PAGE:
Criteria for Evaluating Stones: Part 1.
Today, there are different criteria for evaluating stones in China, some of ancient origin and others of more modern origins. In this two part series, the historical basis for the development of quality criteria will be discussed along with the evolution of modern criteria. It is difficult to apply only one set of characteristics to evaluate the broad ranges of stone types found in modern Chinese stone appreciation circles.
The development of criteria for evaluating stones has an ancient origin. Scholars credit the multi-talented literati Mi Fu (1052-1107/8) with developing the first criteria that was accepted by stone connoisseurs in imperial China. Mi Fu, famous for his calligraphy, was also an avid stone collector and admirer of unusual stones, laid the foundation for appreciating stones when he developed a rhyming four-character set—shou (瘦thinness), lou (漏channels), tou (透holes), and zhou (皱wrinkles).
Despite some variations on this quartet of characters, the four stood the test of time and were adopted by other literati and eventually wealthy merchants in later dynasties. Yuanggong, a Song dynasty writer, modified the criteria somewhat in his book Stone Table by using xiu (elegant), shou, ya (雅graceful), and tou. Later in the Ming dynasty, the words xiu (秀), shou, shu (淑 ), and tou were used by some. Citing the late Qing dynasty Liang Jiutu’s work Chats on Rocks, John Hay noted in his book Kernels of Energy, Bones of the Earth that “the Chinese triad of zhou (surface pattern), shou, and tou were well known in this time. Hay repeated this in a chapter he wrote in the 1995 book, When Men and Mountains Meet. Hay appears to have based his conclusions upon Liang’s work. Hay interpreted zhou as interesting surface patterns, shou as lean diversity of body structure, and tou as perpetual penetrability or eroded holes.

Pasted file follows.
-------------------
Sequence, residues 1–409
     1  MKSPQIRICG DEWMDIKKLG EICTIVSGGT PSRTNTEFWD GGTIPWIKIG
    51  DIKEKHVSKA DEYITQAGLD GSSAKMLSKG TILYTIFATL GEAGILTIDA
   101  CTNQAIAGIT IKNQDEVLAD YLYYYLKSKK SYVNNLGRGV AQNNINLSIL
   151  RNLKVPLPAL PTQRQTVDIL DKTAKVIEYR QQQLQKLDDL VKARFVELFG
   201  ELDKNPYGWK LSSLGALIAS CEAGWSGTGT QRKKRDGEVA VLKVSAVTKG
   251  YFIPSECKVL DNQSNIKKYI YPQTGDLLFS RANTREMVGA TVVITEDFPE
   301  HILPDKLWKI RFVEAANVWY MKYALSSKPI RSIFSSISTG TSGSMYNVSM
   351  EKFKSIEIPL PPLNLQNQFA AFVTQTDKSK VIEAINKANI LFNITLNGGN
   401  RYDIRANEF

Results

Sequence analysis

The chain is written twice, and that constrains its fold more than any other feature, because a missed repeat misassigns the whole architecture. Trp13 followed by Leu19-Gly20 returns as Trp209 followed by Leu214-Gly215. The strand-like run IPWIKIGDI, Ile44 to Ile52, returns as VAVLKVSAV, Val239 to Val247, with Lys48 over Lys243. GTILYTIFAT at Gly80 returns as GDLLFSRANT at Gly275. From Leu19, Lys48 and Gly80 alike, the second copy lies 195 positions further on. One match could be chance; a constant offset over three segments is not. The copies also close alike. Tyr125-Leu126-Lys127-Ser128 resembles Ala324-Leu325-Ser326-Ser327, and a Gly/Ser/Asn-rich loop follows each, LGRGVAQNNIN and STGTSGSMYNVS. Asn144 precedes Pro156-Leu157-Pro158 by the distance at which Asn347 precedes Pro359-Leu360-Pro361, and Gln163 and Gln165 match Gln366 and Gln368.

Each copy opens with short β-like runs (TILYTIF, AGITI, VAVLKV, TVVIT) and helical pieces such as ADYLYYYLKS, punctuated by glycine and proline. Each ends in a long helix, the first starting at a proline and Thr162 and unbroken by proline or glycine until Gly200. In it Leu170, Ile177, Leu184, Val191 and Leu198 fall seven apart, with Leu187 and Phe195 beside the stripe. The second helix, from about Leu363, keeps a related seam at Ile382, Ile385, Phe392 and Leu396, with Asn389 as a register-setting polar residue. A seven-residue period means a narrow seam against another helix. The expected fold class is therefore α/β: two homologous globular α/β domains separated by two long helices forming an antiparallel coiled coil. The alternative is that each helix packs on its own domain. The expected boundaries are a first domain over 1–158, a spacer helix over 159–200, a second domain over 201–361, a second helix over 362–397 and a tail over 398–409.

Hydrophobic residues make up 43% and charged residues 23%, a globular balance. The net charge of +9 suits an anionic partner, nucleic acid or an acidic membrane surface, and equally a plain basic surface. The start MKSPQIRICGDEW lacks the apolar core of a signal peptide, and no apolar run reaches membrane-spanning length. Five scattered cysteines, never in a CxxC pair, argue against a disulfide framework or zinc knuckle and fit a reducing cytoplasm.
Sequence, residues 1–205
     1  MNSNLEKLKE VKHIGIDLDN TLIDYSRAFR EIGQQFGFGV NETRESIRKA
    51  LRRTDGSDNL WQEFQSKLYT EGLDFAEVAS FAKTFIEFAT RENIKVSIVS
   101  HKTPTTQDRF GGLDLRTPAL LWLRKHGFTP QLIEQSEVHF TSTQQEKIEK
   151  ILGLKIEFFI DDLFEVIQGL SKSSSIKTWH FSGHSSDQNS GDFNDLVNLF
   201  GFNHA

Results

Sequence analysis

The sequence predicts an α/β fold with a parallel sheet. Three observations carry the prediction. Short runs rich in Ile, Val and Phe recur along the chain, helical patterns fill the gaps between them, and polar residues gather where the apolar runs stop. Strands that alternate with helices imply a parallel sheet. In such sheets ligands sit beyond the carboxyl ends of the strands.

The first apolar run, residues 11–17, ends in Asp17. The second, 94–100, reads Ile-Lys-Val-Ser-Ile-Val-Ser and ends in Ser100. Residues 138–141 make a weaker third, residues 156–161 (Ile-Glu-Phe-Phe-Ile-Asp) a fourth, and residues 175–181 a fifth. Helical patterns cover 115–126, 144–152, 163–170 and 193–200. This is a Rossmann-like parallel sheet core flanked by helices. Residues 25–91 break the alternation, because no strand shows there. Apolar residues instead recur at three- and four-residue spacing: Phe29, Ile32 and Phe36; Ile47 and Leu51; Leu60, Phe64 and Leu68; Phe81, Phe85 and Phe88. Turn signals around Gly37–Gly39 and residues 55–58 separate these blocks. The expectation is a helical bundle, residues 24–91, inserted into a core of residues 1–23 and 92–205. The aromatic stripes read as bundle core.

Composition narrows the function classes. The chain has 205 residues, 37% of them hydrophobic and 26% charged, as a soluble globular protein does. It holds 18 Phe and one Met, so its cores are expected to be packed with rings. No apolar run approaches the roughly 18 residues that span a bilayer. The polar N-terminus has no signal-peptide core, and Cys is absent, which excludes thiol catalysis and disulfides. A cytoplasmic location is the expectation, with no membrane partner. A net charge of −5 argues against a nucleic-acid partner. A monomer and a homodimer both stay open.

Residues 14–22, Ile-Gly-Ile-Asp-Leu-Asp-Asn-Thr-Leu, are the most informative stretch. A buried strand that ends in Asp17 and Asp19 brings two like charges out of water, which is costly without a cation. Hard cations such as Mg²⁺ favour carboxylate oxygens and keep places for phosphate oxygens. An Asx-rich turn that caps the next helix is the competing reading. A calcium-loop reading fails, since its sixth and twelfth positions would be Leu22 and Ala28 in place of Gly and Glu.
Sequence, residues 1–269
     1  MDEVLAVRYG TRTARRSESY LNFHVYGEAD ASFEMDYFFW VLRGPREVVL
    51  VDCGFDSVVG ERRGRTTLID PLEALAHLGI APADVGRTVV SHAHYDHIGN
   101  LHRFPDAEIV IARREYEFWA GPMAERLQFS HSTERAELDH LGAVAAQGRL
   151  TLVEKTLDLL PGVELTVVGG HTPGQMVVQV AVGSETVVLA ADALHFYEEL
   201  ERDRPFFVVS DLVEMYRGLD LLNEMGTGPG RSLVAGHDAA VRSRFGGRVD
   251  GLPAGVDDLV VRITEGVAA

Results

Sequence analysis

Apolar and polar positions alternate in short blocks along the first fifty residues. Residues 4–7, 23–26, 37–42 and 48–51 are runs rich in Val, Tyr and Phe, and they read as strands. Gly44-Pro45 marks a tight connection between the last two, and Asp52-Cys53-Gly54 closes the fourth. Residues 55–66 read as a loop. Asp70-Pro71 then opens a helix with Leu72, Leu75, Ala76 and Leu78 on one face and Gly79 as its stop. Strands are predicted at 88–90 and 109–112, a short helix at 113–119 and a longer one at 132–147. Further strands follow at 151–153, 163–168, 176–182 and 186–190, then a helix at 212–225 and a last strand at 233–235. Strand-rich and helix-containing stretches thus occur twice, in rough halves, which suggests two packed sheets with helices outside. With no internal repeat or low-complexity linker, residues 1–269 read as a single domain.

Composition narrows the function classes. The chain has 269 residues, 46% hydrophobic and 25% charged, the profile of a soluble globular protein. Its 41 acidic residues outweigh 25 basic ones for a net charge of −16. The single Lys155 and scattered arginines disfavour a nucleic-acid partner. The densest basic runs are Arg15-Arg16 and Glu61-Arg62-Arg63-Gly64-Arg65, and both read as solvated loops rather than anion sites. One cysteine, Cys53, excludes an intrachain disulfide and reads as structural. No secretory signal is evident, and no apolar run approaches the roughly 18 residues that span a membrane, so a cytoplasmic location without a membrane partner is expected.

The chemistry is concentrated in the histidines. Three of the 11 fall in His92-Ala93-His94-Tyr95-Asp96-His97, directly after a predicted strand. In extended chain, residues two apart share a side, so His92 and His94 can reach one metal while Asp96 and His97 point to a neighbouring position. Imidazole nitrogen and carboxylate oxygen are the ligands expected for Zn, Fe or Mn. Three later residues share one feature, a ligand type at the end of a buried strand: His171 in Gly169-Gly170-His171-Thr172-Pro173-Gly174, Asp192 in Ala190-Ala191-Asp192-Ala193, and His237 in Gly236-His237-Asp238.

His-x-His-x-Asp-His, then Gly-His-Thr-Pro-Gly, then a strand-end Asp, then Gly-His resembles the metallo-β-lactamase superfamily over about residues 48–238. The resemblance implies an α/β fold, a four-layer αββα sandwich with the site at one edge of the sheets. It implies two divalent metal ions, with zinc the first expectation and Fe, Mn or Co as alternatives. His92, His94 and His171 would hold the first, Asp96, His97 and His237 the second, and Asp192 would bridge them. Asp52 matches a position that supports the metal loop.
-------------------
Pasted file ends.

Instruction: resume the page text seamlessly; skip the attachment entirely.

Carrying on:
Despite the variations of Mi’s original criteria, his quartet of characteristics survived and are still recognized as important criteria for judging stones, particularly Taihu, Lingbi, Ying, and Kunshan. If a stone possess all four qualities, then they are more highly valued.
A narrower suite of stones were collected and admired in Mi Fu’s Song dynasty than in modern Chinese stone appreciation. Today, approximately 400 different types of stones are incorporated in the broad range of stones collected for their natural features. Many of these stones are boulders or cobbles removed from deep river bottoms while others are products of wind-blown erosion in the desert regions of northern China. Mi Fu’s original characteristics do not apply to these stones. Instead, a modern set of general criteria apply. Then, within each of the major groups such as Yellow Wax, Sanjiang, Dahua, and others, another set of criteria is often used just for and within those specific groups. The modern criteria will be discussed in the next monthly update of the VSANA website.